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The year 2016 in Latvian national and international contemporary ceramics is marked as a celebration of memory of the most outstanding Latvian artist, one of the founders of Latvian contemporary ceramics Pēteris Martinsons, therefore In July 2016, the 1st Latvia International Ceramics Biennale took place in various locations and venues in Latvia, and ceramics within the event was represented through different types of events, from exhibitions, workshops, and conference, to a symposium, festival, and residecies. The very idea of the Biennale came to the organizers’ team just in the end of year 2015, however it was an absolutely logic result to all previous work done within a field of ceramics in Daugavpils. Since 2013, when the Daugavpils Mark Rothko Art Centre had been opened, wide range of ceramics-themed events were held in cooperation with Ceramic Laboratory, the International Studio for Contemporary Ceramics run by Daugavpils Clay Art Centre. As for a home of the collection of Peteris Martinsons (1931-2013), the greatest Daugavpils born Latvian ceramics artist, it was a great honour to dedicate the Latvia International Ceramics Biennale to the artist and to commemorate his 85th birthday anniversary with the ‘Martinsons Award’, the international competition as the central event of the Biennale. Thus, to introduce the events of the 1st Latvia International Ceramics Biennale and to welcome the guest and the participants of the event, the exhibition „Peteris Martinsons. Porcelain Drawings” had been opened in Daugavpils Park Hotel Latgola in June, 2016.

The Biennale’s program core took place in mid-July and had been officially opened with the ‘Martinsons Award’ exhibition, the international ceramics competition at the premises of the Daugavpils Mark Rothko Art Centre. 298 outstanding applications from artists form 44 countries had been received for the ‘MARTINSONS AWARD’ exhibition. The International Jury represented by Elaine O. Henry (USA/artist, editor of magazines “Ceramics: Art and Perception” and “Ceramics TECHNICAL”, member of the International Academy of Ceramics), Bernd Pfannkuche (Germany/ artist, editor of the magazine “Neue Keramik/New Ceramics”, member of the International Academy of Ceramics), Sirin Kocak Ozeskici (Turkey/PhD, artists and academician), Jane Jermyn (Ireland/artist), Simcha Even-Chen (Israel/artist, member of International Academy of Ceramics), Ilona Romule (Latvia/artist, member of International Academy of Ceramics), and Valentins Petjko (Latvia/artist, curator of the Biennale) had selected 110 artworks by International artists and 26 artworks by National artists to participate in the exhibition.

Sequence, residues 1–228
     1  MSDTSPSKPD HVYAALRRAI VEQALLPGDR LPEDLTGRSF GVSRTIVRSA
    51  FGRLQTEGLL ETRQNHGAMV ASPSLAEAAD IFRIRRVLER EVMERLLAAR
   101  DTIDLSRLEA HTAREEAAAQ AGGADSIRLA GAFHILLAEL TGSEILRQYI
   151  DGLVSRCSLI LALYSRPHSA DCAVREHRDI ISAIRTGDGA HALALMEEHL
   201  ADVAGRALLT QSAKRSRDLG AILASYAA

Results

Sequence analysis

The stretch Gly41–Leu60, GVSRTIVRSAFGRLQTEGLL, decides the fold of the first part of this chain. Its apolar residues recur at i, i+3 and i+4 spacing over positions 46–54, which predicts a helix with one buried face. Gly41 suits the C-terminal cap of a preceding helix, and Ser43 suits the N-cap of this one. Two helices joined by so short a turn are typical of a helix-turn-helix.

The program of the 1st Latvia International Ceramics Biennale concluded with the ‘Martinsons Award’ ceremony at the peak level of the National Library of Latvia, which revealed panoramic scenes of Riga. The ‘Martinsons Award’ ceremony was the moment when the Jury’s selection of the award-winning works was disclosed to the participants and to the public. The ‘Martinsons Award’ prizes were split between 6 National nominees and 6 International nominees.

The National Bronze Prize went to the wonderful Latvian artist Valda Podkalne for her impressive and conceptual installation ‘Laboratory Notes’. Porcelain as a material is the most important for the artist; and it is the only material that can depict her imagination. The very idea of each separate piece and material of Valda Podkalne installation is to symbolically image the fragility of life. The ‘Laboratory Notes’ are reflections by their meaning, and by the time a stimulation to the process of reflection.